1) Keep U.S. Stocks As Your Core Holding…

Stocks are expensive. The average stock in the S&P 500 is trading at a price of 16 times this year’s estimated earnings, about 30% higher than the long-run average. A more conservative valuation gauge developed by Yale finance professor Robert Shiller that compares prices with longer-term earnings shows that stocks are trading at more than 50% above their average.

“Given current high valuations, the returns for stocks are likely to be lower over the next 10 years,” says Vanguard senior economist Roger Aliaga-Díaz. He expects annual gains to average between 5% and 8%, compared with the historical average of 10%. Shiller’s numbers suggest even lower returns over the next decade.

That doesn’t mean you should give up on U.S. stocks. They remain your best shot at staying ahead of inflation, especially today, when what you can expect from a bond portfolio is, well, not much. “Stock returns may be lower,” says Aliaga-Díaz, “but bond returns will be much less, so the relative advantage of stocks will be the same.” And the U.S. economy, though far from peak performance, is the healthiest big player on the global field.

Your best strategy: Now is a particularly important time to make sure your stock allocation is matched to your time horizon. “The worst outcome for older investors would be a bear market just as you move into retirement,” says William Bernstein, an adviser and author of The Investor’s Manifesto. A traditional asset mix for someone in his fifties is the classic 60% stock/40% bond split, with a shift to 50%/50% by retirement. If your allocation was set for a 35-year-old and you’re 52, update it before the market does.

On the other hand, if you’re in your twenties and thirties, you should be far less worried about today’s prices. Hold 70% to 80% of your portfolio in equities. The power of compounding a dollar invested over 30 to 40 years is hard to overstate. And you’ll ride through many market cycles during your career, which will give you chances to buy stocks when they’re inexpensive.

2) …But Spread Your Money Widely

With many overseas economies barely out of recession or dragged down by geopolitical crises, international equity markets have been trading at low valuations. And some market watchers are expecting a rebound over the next few years. “Central banks in Europe, China, and Japan are making fiscal policy changes that are likely to boost global growth,” says Schwab’s Klein­- top. Oil prices, which have fallen 40% in recent months, may boost some markets as consumers spend less on fuel and step up discretionary buying.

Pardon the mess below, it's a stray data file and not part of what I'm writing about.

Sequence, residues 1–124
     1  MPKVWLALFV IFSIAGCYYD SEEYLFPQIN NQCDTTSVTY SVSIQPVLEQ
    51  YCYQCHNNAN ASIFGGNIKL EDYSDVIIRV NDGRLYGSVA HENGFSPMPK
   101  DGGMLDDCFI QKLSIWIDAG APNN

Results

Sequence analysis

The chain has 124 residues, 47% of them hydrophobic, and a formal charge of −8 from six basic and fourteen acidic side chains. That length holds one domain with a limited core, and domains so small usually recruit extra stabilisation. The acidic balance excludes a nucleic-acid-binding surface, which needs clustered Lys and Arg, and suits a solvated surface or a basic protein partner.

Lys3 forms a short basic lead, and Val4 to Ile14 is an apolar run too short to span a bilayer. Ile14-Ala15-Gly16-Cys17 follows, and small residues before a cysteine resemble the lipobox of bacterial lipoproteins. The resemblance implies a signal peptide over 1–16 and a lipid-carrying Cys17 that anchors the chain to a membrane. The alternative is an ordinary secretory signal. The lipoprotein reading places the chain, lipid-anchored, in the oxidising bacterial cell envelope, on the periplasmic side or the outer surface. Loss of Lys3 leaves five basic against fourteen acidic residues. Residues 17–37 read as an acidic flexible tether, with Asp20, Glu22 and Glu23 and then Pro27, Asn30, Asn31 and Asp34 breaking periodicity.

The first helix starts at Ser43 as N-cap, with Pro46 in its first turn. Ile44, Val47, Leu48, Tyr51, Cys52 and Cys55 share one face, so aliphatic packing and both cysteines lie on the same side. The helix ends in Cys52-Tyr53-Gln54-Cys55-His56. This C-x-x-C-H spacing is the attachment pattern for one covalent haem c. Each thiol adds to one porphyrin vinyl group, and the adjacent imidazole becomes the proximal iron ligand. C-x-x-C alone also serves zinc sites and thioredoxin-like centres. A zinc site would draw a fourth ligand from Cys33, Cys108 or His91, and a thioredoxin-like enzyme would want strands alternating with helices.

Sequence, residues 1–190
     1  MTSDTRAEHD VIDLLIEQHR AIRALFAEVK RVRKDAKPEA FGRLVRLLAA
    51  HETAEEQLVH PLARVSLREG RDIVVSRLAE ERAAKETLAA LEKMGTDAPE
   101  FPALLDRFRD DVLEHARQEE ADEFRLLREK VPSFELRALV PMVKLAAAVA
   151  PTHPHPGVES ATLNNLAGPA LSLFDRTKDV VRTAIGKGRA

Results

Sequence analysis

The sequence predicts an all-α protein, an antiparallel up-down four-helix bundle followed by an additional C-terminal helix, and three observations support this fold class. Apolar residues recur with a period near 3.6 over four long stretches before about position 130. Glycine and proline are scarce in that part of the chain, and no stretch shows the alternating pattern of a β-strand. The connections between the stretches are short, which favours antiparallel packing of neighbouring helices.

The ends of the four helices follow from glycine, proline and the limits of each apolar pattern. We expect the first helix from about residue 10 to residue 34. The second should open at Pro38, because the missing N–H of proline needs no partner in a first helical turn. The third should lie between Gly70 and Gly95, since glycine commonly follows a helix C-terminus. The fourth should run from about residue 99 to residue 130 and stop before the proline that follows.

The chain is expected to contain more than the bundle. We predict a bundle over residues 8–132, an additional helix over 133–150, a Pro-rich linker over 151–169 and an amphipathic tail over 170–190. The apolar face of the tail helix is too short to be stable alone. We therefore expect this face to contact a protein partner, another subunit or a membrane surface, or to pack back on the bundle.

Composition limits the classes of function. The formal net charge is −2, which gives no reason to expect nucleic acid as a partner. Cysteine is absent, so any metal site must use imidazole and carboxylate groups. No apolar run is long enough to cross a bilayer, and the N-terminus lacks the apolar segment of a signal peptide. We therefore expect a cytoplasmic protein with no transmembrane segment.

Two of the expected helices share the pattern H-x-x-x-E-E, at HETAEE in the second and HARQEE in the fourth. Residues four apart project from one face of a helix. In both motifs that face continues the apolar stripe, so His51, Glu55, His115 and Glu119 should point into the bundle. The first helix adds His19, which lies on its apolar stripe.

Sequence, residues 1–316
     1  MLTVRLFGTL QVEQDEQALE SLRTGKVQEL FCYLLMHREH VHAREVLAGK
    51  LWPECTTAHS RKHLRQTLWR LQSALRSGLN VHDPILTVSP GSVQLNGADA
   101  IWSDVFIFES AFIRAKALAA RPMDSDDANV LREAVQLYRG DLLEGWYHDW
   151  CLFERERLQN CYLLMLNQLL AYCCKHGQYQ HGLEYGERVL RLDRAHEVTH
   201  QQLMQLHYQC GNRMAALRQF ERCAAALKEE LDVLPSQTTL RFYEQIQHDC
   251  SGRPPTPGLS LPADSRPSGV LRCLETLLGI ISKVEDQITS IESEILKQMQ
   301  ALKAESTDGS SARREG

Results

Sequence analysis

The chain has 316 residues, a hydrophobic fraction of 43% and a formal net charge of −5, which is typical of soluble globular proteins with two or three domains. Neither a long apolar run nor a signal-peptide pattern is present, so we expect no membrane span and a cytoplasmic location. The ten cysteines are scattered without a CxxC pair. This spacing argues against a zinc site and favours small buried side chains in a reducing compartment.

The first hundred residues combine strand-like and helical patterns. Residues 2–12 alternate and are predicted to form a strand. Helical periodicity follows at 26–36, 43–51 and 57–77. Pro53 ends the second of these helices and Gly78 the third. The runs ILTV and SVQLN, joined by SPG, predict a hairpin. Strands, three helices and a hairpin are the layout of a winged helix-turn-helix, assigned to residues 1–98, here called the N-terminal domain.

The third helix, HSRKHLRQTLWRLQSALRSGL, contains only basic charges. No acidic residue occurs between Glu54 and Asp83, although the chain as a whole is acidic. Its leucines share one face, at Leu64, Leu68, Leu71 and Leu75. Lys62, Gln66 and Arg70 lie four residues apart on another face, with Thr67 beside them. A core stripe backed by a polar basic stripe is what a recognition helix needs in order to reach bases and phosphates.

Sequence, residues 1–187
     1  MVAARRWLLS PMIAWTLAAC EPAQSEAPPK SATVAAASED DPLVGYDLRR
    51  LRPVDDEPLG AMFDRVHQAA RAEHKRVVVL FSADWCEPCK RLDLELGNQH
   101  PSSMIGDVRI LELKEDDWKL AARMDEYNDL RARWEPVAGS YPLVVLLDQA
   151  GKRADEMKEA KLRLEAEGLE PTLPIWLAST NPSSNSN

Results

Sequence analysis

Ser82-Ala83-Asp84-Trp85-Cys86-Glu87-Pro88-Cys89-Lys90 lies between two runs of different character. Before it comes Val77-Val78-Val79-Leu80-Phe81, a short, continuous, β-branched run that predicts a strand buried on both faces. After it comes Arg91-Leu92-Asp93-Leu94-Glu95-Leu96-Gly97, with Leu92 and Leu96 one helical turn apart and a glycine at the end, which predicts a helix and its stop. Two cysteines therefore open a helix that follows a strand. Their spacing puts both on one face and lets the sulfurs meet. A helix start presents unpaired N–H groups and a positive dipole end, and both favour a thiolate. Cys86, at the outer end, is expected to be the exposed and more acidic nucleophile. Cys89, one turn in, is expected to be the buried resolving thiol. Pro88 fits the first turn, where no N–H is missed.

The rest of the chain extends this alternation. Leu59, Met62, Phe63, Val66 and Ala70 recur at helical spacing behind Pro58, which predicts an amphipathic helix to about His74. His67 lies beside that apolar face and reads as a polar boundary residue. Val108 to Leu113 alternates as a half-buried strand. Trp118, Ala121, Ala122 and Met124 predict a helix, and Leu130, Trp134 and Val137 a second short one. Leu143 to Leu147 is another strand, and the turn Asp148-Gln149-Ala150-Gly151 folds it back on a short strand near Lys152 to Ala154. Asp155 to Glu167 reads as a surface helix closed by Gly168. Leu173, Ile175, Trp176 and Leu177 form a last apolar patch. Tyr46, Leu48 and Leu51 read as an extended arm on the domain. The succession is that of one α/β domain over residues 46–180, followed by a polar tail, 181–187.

But foreign stocks aren’t uniformly bargains. The slowdown in China’s economic growth threatens the economies of the countries that supply it with natural resources. Japan’s stimulus program to date has had mixed success, and the reason to expect stimulus in Europe is that policymakers are again worried about deflation.

Your best strategy: Spread your money widely. The typical investor should hold 20% to 30% of his stock allocation in foreign equities, including 5% in emerging markets, says Bernstein. Many core overseas stock funds, such as those in your 401(k), invest mainly in developed markets, so you may need to opt for a separate emerging-markets offering—you can find excellent choices on our ­MONEY 50 list of recommended mutual and exchange-traded funds. For an all-in-one fund, you could opt for Vanguard Total International Stock Index VANGUARD TOTAL INTL STOCK INDEX FD VGTSX 0.12% , which invests 20% of its assets in emerging markets.

3) Hold Bonds for Safety, Not for Income

Fixed-income investors have few options right now. Today’s rock-bottom interest rates are expected to move a bit higher, which may ding bond fund returns. (Bond rates and prices move in opposite directions.) Yet over the long run, intermediate-term rates are likely to remain below their historical average of 5%. If you want higher income, your only alternative is to venture into riskier investments.

Your best strategy: If you don’t want to take risks outside your stock portfolio, then accept that the role of your bond funds is to provide safety, not spending money. “After years of relative calm, you can expect volatility to return to the stock market—and higher-quality bonds offer your best hedge against stock losses,” says Russ Koesterich, chief investment strategist at BlackRock. Stick with mutual funds and ETFs that hold either investment-grade, or the highest-rated junk bonds. Don’t rely solely on government issues. Corporate bonds will give you a little more yield.

You may be tempted to hunker down in a short-term bond fund, which in theory will hold up best if interest rates rise. But this is one corner of the market that hasn’t returned to normal. Short-term bonds are sensitive to moves by the Federal Reserve to push up rates. The Fed has less ability to set long-term rates, and demand for long-term Treasuries is strong, which will keep downward pressure on the rates those bonds pay. So an intermediate-term bond fund that today yields about 2.25% is a reasonable compromise. Sometimes in investing, winning means not losing.

Read next:
How 2% Yields Explain the World—and Why Rates Have Stayed So Low for So Long

 

MONEY mutual funds

How MONEY Selected the 50 Best Mutual Funds and ETFs

The making of the MONEY 50, our list of the world’s 50 best mutual and exchange-traded funds

The Criteria

To create the MONEY 50 list of the best mutual funds and ETFs, MONEY editors look for solid long-term performers with these important traits:

Low fees. Below average expense ratios are a good predictor of better-than-average performance. Expenses averaged 0.94% for actively managed MONEY 50 funds, compared to 1.33% for stock funds in general.